The Kaizen team’s previous visit to The Royal Garden Hotel in Kensington was just a few weeks ago when we picked up the Best Compliance & Regulatory Solution award at the Fund Services Awards. We found ourselves at the hotel again at City & Financial’s one-day conference last week to get a flavour of how ready the industry is for the go-live of MiFID II in the new year. Kaizen’s Ian Rennie is pictured and spoke about how Senior Managers can ensure they’re compliant with MiFID II under the Senior Manager’s Regime.
All eyes on reporting data
The keynote address came from the Financial Conduct Authority’s (FCA) Ana Fernandes and she made one thing very clear: The FCA expects firms to be ready come January 3rd 2018. Excuses about the complexity of the new regime will be no use to anybody, especially given the amount of time firms have had to prepare for it, she said. Ana also made the point that a firm’s reporting requirement does not simply end after successful data submission. Constant monitoring is expected post-reporting and any corrections that need to be made should be done quickly. There is going to be a lot of eyes on this data and firms will be called out on anything that looks suspicious.
LEIs are a key focus for regulator
Ana went on to explain that one third of the fields in MiFID II are related to counterparty information and that this is a key area that the FCA is focusing on. They want to know exactly whose investments will have a negative knock-on effect in the market. Of course with this, the mandate of the LEI is justified in the eyes of the regulator. If firms are still disputing this decision at this stage and have not looked into the deeper complexities of the regulation, they have a lot to be worried about.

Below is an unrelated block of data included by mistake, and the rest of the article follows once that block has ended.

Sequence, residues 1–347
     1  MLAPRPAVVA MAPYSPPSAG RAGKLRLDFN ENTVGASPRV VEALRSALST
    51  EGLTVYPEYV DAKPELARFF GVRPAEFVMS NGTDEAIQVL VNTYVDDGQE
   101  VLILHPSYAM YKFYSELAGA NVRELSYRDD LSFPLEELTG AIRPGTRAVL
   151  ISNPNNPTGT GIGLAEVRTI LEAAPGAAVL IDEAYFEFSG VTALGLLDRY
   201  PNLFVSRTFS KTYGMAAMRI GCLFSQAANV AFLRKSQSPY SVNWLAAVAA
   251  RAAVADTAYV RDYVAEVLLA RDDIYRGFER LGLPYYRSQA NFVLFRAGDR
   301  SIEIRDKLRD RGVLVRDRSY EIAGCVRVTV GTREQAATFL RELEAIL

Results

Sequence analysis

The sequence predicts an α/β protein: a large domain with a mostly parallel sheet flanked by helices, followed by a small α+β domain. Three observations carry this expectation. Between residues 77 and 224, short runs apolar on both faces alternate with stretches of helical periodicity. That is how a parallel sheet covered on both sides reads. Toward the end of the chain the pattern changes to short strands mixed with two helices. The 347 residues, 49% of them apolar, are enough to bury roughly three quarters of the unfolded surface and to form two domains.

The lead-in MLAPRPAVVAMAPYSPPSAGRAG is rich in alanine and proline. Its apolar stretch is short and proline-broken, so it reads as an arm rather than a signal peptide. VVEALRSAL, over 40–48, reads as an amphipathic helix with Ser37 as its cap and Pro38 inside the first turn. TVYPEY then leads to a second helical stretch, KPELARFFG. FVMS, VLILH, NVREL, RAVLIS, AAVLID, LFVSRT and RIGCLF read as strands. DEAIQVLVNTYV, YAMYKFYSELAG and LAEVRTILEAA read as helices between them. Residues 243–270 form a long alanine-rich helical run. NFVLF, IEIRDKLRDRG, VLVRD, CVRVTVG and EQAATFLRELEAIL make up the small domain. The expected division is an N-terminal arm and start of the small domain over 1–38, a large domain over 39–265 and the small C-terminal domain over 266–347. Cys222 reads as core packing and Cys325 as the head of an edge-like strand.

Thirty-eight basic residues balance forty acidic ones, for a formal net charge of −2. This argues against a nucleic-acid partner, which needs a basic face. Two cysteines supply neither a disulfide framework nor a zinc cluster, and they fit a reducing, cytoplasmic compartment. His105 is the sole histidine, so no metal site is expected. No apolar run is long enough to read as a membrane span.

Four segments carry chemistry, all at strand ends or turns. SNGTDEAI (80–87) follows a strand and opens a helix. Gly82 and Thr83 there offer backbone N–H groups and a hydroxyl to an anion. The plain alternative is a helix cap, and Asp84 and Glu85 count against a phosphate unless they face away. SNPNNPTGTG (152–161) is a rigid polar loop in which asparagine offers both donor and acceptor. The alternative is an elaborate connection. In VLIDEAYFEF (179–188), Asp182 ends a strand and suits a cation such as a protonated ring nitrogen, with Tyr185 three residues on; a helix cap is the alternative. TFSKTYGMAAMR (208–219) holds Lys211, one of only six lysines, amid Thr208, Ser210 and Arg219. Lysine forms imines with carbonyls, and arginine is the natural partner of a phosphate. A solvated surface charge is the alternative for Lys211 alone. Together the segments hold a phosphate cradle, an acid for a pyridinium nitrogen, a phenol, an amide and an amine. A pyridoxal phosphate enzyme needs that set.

Data quality must be good at source
The comments on the importance of LEIs were echoed by the next speaker, Francis Gross, Senior Advisor at the Directorate of General Statistics at the European Central Bank. His main focus was on increased harmonisation and standardisation of data and believes that in order to identify market abuse before it is too late, data quality must be good at the source. He compared financial services data unfavourably to that of retail, saying, “if shops had same data quality as financial services then shop shelves would be bare and there would be queues in the street’. The reality is that there is no time to cleanse it at the regulators’ end given the quantity of data they receive every day.
It’s all about data accuracy
My take home point of the whole conference was that gone are the days where firms only need to worry about under or over reporting of data. 2018 will bring a shift of focus to the accuracy and completeness of data reported. Both EMIR RTS 2.0 and MiFID II bring more rigid definitions of data that needs to be reported and firms need to have controls in place to prove they are reporting correctly and completely, something Kaizen is helping its clients with as they prepare for MiFID II.